View details for DOI 10.1080/23802359.2020.1775147

    View details for PubMedID 33457810

    View details for PubMedCentralID PMC7782099

  • Complete mitochondrial genome of the whitetip reef shark Triaenodon obesus from the British Indian Ocean Territory Marine Protected Area. Mitochondrial DNA. Part B, Resources Johri, S., Chapple, T. K., Schallert, R., Dinsdale, E. A., Block, B. A. 2020; 5 (3): 2347-2349

    Abstract

    We present the first mitochondrial genome of Trianenodon obesus from the Chagos Archipelago in the British Indian Ocean Territory (BIOT) Marine Protected Area. The mitogenome was 16,702 bp in length and consisted of 13 protein-coding genes (PCGs), 22 tRNA genes, 2 rRNA genes, and a non-coding control region (D-loop). GC content was at 38.9%. The control region was 1064 bp in length. This mitogenome for the BIOT MPA T. obesus differed from the previously published T. obesus genome by 15 bp and the differences include a 2 bp insertion and 13 single nucleotide polymorphisms distributed across the mitogenome in the BIOT MPA sequence. Whole mitogenome sequence of T. obesus from the Chagos archipelago presented here fills existing gaps in genetic information on marine species from the BIOT MPA and provides additional tools for species specific assessments as to the effectiveness of MPA management. In addition, methods presented here lay the framework for genetic studies in remote locations with limited infrastructure.

    View details for DOI 10.1080/23802359.2020.1775148

    View details for PubMedID 33457786

    View details for PubMedCentralID PMC7783066

  • Mitochondrial genome to aid species delimitation and effective conservation of the Sharpnose Guitarfish (Glaucostegus granulatus) META GENE Johri, S., Fellows, S. R., Solanki, J., Busch, A., Livingston, I., Mora, M., Tiwari, A., Cantu, V., Goodman, A., Morris, M. M., Doane, M. P., Edwards, R. A., Dinsdale, E. A. 2020; 24
  • Mitochondrial genome of the Silvertip shark, Carcharhinus albimarginatus, from the British Indian Ocean Territory. Mitochondrial DNA. Part B, Resources Johri, S., Dunn, N., Chapple, T. K., Curnick, D., Savolainen, V., Dinsdale, E. A., Block, B. A. 2020; 5 (3): 2085-2086

    Abstract

    The Chagos archipelago in the British Indian Ocean Territory (BIOT) has been lacking in detailed genetic studies of its chondrichthyan populations. Chondrichthyes in Chagos continue to be endangered through illegal fishing operations, necessitating species distribution and abundance studies to facilitate urgent monitoring and conservation of the species. Here, we present a complete mitochondrial genome of the Silvertip Shark, Carcharhinus albimarginatus sampled in the Chagos archipelago. The mitochondrial genome of C. albimarginatus was 16,706 bp in length and consisted of 13 protein-coding genes, 22 tRNA genes, two rRNA genes, a replication origin and a D-loop region. GC content was at 38.7% and the control region was 1,065 bp in length. We expect that mitogenomes presented here will aid development of molecular assays for species distribution studies. Overall these studies will promote effective conservation of marine ecosystemes in the BIOT.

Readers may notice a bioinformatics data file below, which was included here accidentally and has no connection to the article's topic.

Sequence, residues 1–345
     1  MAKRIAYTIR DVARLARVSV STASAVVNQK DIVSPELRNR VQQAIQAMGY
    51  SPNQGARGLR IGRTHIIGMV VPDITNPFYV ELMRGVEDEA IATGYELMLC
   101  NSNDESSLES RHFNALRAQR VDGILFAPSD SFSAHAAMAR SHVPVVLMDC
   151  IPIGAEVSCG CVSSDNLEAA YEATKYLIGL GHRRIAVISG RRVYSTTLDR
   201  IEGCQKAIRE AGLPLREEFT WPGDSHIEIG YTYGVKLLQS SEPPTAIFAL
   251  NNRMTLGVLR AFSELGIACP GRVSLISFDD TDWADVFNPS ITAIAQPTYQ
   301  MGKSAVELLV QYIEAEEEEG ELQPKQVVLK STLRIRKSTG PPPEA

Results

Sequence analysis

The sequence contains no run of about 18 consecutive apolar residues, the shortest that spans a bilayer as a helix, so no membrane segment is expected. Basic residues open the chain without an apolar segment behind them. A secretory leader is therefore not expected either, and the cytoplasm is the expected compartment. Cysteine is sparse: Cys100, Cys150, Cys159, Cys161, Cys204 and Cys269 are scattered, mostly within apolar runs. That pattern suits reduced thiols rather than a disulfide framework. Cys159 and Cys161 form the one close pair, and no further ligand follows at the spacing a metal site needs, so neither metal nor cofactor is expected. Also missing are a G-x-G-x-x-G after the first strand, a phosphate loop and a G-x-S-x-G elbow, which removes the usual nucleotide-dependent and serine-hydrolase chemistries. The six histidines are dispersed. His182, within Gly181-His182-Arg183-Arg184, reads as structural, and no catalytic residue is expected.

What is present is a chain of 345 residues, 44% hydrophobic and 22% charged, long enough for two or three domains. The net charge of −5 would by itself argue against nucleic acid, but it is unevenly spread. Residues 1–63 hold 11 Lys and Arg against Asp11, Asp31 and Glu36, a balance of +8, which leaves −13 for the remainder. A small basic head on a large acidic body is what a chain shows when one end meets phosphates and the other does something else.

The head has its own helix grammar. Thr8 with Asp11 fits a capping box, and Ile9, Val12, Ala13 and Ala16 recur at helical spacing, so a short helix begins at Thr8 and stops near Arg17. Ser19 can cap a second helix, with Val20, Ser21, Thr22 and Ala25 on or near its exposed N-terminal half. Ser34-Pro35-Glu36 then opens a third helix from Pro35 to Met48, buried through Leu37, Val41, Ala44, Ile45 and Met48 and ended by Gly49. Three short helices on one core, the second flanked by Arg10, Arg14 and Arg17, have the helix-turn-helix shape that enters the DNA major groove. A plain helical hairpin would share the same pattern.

View details for DOI 10.1080/23802359.2020.1765210

    View details for PubMedID 33457752

    View details for PubMedCentralID PMC7782225

  • Complete mitochondrial genome of the gray reef shark, Carcharhinus amblyrhynchos (Carcharhiniformes: Carcharhinidae). Mitochondrial DNA. Part B, Resources Dunn, N., Johri, S., Curnick, D., Carbone, C., Dinsdale, E. A., Chapple, T. K., Block, B. A., Savolainen, V. 2020; 5 (3): 2080-2082

    Abstract

    We report the first mitochondrial genome sequences for the gray reef shark, Carcharhinus amblyrhynchos. Two specimens from the British Indian Ocean Territory were sequenced independently using two different next generation sequencing methods, namely short read sequencing on the Illumina HiSeq and long read sequencing on the Oxford Nanopore Technologies' MinION sequencer. The two sequences are 99.9% identical and are 16,705 base pairs (bp) and 16,706 bp in length. The mitogenome contains 22 tRNA genes, two rRNA genes, 13 protein-coding genes and two non-coding regions; the control region and the origin of light-strand replication (OL).

    View details for DOI 10.1080/23802359.2020.1765208

    View details for PubMedID 33457750

    View details for PubMedCentralID PMC7782339

  • Mitochondrial genome of the Smoothnose wedgefish Rhynchobatus laevis from the Western Indian Ocean. Mitochondrial DNA. Part B, Resources Johri, S., Tiwari, A., Kerr, E. N., Dinsdale, E. A. 2020; 5 (3): 2083-2084

    Abstract

    We present the first mitogenome sequence of the Smoothnose Wedgefish, Rhynchobatus laevis obtained through field sequencing on the MinION handheld sequencer. The mitochondrial genome of R. laevis is 16,560 bp in length and consisted of 13 protein-coding genes (PCGs), 22 tRNA genes, 2 rRNA genes, and a non-coding control region (D-loop). GC content was at 40.1%. The control region was 867 bp in length. Whole mitochondrial genome sequence of R. laevis will enable improved understanding of distribution, abundance, catch and trade rates of the Critically Endangered species.

    View details for DOI 10.1080/23802359.2020.1765209

    View details for PubMedID 33457751

    View details for PubMedCentralID PMC7782167